I think Marston is coming from there, to some extent. He was exploring this bondage switch, where the person on the top should be on the bottom, and the person on the bottom should be on the top, and it switches back and forth. He's promoting this one aspect of femininity and feminism, which exists. But Wonder Woman, as a heroic icon who saves people and beats up the bad guys, has been more congenial to many of her fans — you even see it in the new movie, with her in the armor with the sword.
Mic: Friends of mine who have dressed as Wonder Woman for Halloween always got very strong, very positive reactions from men.
NB: Yeah, that's the other thing about Wonder Woman: Marston wants Wonder Woman to be hot. When people say, "Wow she's sexy," he thinks that's great, because sexuality is the way women influence everybody to be submissive, not just men. But to some degree, he's also a crank: He really loves to sign on to the idea that women are essentially this and men are essentially that. I think (the Marston comic) was very pro-sex and, not coincidentally, very pro-lesbian.
Mic: What were the problems you had with Jill Lepore's The Secret History of Wonder Woman? Is it fair to say you felt she left too much of this stuff out?
NB: To some extent it's good — if she'd written about the comics, then no one would need to read my book! (laughs) There are a couple issues, though. First of all, she doesn't really see the comics as interesting in themselves. She doesn't see the comics as being a worthwhile artistic endeavor; she's not especially interested in them. She's interested in Marston's biography and in his connection with Margaret Sanger. She thinks (Marston's life) is interesting because of that connection and with early feminist communities. As far as the comics go, she doesn't see them as interesting.
The other thing is that Marston isn't really presented as a feminist or queer theorist, so ... there's an interest in his polyamorous lifestyle, but not so much in what he has to say about polyamory or sex. I think it takes away the excitement or the power of having this person, of having Wonder Woman, be kind of a voice of marginalized communities in some ways because it's not really what (Lepore) is focused on. It becomes more of a curiosity than a kind of actual part of what he's doing.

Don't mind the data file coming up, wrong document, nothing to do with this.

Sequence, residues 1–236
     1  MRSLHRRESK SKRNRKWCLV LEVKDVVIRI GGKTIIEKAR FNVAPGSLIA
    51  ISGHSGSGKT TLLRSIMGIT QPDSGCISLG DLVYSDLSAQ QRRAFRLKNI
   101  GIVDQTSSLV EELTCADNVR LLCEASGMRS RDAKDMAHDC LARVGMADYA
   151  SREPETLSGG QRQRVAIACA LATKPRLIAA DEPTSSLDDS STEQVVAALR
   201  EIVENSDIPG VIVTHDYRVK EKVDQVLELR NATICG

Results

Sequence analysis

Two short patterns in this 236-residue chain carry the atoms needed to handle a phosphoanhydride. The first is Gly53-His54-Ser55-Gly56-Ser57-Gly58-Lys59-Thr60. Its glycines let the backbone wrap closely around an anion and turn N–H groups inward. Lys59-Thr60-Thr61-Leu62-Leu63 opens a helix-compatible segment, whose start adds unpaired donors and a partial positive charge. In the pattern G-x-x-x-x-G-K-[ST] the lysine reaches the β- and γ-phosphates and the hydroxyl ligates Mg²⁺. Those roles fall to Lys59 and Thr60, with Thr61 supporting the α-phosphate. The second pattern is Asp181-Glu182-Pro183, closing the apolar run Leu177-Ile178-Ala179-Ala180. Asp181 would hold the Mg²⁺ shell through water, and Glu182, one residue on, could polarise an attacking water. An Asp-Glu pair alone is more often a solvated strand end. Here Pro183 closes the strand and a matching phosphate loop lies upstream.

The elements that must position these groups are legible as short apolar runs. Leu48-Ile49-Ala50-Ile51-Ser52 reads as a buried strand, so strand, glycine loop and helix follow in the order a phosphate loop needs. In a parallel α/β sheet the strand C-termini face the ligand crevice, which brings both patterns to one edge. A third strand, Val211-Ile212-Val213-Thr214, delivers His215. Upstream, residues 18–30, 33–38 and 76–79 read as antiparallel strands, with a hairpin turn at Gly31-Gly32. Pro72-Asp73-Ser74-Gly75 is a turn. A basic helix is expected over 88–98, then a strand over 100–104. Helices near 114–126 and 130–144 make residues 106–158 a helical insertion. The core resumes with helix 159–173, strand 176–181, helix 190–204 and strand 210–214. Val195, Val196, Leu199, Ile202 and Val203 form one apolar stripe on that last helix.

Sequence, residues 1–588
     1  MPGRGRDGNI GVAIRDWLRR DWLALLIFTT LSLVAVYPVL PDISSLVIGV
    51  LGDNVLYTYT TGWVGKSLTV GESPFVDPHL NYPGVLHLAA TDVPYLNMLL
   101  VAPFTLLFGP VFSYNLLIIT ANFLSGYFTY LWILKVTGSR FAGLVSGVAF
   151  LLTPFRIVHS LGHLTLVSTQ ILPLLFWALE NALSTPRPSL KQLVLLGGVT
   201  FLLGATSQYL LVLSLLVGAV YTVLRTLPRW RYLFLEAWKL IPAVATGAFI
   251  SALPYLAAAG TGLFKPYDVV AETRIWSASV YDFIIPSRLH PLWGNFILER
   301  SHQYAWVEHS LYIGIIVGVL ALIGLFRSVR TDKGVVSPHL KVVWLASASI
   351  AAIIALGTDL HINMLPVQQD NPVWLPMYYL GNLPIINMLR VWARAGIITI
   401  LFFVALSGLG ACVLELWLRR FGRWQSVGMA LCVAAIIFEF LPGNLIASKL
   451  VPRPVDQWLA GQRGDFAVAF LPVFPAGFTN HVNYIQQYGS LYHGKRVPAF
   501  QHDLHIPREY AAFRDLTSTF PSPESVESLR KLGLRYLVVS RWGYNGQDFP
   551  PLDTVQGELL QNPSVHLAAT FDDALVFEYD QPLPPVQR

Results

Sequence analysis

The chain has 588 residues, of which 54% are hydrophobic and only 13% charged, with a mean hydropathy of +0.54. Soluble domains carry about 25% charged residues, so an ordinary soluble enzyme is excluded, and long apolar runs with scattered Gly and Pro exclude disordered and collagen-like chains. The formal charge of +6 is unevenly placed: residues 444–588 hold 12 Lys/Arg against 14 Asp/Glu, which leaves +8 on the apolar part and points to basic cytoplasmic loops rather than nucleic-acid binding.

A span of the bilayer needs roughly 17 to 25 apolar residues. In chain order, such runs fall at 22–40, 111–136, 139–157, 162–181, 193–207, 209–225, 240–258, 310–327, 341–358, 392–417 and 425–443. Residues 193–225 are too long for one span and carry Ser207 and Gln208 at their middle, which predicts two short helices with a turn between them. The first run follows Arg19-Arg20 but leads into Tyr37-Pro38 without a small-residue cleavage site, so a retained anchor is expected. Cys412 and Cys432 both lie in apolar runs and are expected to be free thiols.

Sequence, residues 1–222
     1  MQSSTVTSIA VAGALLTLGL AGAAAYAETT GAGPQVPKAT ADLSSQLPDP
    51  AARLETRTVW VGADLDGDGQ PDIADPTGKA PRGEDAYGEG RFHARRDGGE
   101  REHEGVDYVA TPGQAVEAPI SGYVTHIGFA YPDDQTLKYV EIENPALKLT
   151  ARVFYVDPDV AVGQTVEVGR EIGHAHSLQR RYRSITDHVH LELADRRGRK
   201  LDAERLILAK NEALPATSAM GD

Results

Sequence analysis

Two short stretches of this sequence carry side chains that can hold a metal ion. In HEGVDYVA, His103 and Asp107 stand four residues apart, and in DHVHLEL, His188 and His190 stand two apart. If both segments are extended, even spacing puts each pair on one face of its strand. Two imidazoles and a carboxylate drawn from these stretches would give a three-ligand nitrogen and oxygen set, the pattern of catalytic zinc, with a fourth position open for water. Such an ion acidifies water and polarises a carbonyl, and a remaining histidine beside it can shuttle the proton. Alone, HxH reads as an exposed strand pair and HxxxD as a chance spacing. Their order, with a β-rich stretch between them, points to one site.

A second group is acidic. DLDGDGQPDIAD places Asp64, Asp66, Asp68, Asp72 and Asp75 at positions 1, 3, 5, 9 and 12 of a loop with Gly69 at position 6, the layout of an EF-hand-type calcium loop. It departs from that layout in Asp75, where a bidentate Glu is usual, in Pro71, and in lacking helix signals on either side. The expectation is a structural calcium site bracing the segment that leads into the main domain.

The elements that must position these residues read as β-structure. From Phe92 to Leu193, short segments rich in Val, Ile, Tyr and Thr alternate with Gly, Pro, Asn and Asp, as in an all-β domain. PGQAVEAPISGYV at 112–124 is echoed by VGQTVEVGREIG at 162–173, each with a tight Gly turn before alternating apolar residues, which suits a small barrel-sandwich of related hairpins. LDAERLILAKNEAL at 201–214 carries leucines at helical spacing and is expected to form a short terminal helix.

She doesn't talk much about how important lesbianism is to the comics or Marston's theories, which I think has a lot to do with his polyamorous relationship — that's where it's come from, and going to. Obviously he's a guy, and there's some reasonable mistrust or wondering about what it is he's doing, but at the same time he's somebody who had a very close relationship with people who were bisexual; his argument that lesbianism is normal and healthy and good for everybody seems like an important part of what he's doing.
Mic: What do you think of the popularity of Wonder Woman as a cultural figure? She seems more popular than ever.
NB: I actually don't think she's more popular than ever. The original comics were really, really popular, they sold 800,000 or a million copies per issue or something, which dwarfs now — comics just don't sell like that anymore. She was a very popular character, but the Wonder Woman comics have never been anywhere near as popular again. There was the television show, which was very popular, and she was on the Justice League cartoons — that's where most younger people know her from — but in terms of the character being popular, it's not like Superman or Batman, where they've been consistently popular.
Mic: In your book, you write about how Wonder Woman is angst-free. Why is that important?
NB: That's true, yes, it's great that she's without angst. I think people, like most popular heroes now ... people want angst. But what I like about the new Ms. Marvel comic is that she doesn't become a hero because she has some sort of traumatic horrible backstory; she becomes a hero because she wants to help people, and that's where Wonder Woman is coming from in the original. And ultimately that's where Marston was coming from: "This is awesome, the heroism and caring and capturing and being-captured and doing good — and turning the world into a matriarchy ... it's fun and it's awesome, and everybody should enjoy it."

1 commento:

party ha detto...

nulla di nuovo, si sapeva sotto sotto che lo era...